Pointers on how to avoid loan defaults
Defaulting on a loan is bad for your credit.
05:59 09 December 2013
Default! It usually happens when your debts pile up and you have no way out. It leaves your reputation tarnished. Outside circumstances can prevent people from making payments. Prices and interest rates are rising faster than wages, with savings suffering under inflation. Conditions are not favorable if you are not well to do. Yet, there is a world of difference between missing a payment once and defaulting on a loan.
What is loan default?
Default occurs when someone fails to make a payment. Missing once or twice means a penalty. Continually defaulting results in the lender repossessing whatever property it paid for.
The principals of a loan
When taking out a loan consider three things:
- Your present income
- Your future outlook
In other words, give yourself wiggle room and do not take a loan that you cannot pay if your circumstances change.
Taking a loan and continuing to save may seem contradictory, but it is important. Keep savings in a separate account and do not dip into them unless absolutely necessary. If you have lump sum, pre pay your liability and ask the bank to restructure your monthly payments.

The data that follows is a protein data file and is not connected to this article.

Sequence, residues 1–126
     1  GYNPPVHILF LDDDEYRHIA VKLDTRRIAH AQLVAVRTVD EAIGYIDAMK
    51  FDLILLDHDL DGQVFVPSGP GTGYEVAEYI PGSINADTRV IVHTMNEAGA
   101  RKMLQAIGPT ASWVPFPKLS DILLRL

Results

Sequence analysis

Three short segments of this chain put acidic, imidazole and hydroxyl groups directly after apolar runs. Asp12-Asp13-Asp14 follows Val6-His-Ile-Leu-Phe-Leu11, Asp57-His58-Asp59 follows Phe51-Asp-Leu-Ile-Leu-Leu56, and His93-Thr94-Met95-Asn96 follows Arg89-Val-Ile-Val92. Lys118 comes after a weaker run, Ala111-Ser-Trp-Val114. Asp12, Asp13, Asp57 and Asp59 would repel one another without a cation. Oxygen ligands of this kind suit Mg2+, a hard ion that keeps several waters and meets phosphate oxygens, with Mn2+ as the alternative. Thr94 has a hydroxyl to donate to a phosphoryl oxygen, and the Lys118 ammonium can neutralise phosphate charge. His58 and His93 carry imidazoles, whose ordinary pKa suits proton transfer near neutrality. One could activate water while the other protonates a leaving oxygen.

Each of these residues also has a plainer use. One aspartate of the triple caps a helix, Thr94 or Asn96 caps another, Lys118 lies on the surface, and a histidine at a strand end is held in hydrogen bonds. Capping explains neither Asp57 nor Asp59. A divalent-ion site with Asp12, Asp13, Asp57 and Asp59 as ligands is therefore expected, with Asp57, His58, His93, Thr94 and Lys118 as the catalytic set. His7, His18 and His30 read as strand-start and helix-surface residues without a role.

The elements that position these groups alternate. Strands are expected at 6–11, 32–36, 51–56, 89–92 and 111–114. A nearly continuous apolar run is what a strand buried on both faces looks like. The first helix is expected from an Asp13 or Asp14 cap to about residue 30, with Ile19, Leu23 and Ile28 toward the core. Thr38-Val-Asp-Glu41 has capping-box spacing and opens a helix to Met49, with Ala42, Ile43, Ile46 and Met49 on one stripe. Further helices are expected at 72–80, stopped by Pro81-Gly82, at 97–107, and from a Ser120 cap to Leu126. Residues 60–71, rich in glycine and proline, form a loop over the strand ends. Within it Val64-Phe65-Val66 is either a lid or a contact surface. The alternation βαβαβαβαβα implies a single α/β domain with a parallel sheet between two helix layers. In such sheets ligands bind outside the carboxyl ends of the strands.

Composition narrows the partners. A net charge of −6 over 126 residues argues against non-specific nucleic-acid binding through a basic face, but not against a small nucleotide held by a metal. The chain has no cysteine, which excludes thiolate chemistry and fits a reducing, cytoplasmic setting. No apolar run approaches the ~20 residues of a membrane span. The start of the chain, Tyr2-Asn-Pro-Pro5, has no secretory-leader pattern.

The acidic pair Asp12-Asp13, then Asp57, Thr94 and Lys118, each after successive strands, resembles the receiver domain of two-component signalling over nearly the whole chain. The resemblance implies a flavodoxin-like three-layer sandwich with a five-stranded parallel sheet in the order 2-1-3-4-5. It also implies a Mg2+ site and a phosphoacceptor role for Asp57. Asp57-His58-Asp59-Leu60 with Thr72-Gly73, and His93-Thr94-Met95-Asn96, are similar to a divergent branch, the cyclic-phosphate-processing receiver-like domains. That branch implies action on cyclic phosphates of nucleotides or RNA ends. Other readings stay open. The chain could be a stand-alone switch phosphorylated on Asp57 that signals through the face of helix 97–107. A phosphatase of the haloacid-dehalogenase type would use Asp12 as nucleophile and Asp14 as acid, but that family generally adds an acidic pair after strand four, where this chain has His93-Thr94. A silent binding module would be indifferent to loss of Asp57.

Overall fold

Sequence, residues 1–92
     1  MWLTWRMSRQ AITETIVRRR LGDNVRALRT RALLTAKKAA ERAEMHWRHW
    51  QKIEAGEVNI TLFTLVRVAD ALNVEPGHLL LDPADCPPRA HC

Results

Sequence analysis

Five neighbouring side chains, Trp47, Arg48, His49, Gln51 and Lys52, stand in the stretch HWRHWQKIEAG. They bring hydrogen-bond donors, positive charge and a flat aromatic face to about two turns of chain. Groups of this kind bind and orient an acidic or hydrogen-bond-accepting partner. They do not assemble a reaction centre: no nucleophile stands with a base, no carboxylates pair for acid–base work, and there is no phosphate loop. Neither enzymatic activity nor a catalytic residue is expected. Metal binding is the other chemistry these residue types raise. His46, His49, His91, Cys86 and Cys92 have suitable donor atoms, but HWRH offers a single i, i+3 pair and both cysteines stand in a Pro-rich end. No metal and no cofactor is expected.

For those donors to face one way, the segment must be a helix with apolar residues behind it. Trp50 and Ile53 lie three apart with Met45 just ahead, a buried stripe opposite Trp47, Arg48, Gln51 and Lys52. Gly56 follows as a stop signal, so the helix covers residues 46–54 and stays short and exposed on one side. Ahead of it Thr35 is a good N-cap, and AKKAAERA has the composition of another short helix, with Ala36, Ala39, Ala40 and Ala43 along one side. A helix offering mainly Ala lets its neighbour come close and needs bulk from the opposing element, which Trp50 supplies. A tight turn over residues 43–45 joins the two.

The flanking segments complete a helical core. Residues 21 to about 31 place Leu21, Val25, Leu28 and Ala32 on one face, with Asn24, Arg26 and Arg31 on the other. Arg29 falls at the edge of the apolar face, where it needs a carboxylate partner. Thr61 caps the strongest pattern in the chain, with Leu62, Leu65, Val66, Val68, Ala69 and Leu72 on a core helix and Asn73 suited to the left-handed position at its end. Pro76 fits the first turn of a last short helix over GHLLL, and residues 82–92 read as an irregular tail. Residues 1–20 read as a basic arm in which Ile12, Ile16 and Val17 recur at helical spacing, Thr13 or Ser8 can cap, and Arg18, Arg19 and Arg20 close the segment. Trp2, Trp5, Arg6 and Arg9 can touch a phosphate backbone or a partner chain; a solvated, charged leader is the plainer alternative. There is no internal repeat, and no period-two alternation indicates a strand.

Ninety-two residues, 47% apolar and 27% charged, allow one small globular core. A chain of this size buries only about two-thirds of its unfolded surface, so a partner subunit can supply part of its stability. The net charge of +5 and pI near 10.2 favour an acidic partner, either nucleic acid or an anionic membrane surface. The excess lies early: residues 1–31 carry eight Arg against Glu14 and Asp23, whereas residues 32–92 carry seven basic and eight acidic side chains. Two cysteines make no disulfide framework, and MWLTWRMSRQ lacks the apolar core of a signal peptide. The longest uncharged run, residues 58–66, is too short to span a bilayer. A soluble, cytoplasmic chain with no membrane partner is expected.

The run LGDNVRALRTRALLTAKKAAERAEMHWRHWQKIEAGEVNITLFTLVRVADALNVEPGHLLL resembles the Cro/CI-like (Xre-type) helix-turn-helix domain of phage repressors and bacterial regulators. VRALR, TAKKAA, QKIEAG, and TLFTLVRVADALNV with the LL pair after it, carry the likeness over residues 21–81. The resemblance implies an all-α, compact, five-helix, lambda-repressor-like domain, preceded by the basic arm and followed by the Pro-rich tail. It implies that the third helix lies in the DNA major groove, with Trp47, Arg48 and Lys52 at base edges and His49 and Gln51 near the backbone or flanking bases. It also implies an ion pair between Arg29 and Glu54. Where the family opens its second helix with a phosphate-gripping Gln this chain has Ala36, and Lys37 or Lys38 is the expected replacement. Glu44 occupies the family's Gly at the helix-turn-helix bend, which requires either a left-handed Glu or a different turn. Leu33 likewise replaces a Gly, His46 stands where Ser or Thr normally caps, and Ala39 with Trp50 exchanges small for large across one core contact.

Talk to your lender
If you have been faithful in your payments and find yourself on the brink of default, a lender may be willing to adjust your agreement. It all depends on your relationship with your lender and how considerate he is.
If it comes to it, selling (for example a property) is much better than dealing with the penalties of foreclosure.
Extend loan tenure
Also known as debt rescheduling, you may be able to negotiate smaller monthly payments over a longer period of time. This decreases the value of the loan but prevents default.
If you’re dealing with a small amount of money, you may be able to switch to a different provider to improve interest rates. Just don’t get duped by attractive deals with hidden catches.